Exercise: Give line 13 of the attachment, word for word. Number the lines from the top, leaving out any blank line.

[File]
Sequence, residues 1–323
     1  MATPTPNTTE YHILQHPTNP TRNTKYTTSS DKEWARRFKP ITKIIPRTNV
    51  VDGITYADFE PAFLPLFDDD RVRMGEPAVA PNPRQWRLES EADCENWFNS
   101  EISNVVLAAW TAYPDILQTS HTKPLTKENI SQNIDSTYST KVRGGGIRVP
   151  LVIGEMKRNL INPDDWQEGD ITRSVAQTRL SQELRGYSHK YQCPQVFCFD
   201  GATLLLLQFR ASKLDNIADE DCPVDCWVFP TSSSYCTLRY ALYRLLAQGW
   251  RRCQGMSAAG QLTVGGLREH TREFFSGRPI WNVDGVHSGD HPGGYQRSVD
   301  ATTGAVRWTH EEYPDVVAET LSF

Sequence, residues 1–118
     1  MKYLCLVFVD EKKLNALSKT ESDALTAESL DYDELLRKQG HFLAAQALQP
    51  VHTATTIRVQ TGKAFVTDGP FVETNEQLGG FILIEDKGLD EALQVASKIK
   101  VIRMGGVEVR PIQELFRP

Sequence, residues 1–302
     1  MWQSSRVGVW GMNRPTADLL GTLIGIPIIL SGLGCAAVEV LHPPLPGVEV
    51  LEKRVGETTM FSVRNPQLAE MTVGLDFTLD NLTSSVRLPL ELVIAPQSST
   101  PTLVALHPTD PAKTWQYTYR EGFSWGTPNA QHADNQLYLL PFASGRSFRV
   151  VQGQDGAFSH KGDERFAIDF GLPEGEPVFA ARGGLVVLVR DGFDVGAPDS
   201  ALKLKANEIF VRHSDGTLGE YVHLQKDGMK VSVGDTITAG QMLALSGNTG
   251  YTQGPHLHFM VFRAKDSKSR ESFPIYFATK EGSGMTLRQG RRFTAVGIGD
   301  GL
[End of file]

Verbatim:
Sequence, residues 1–302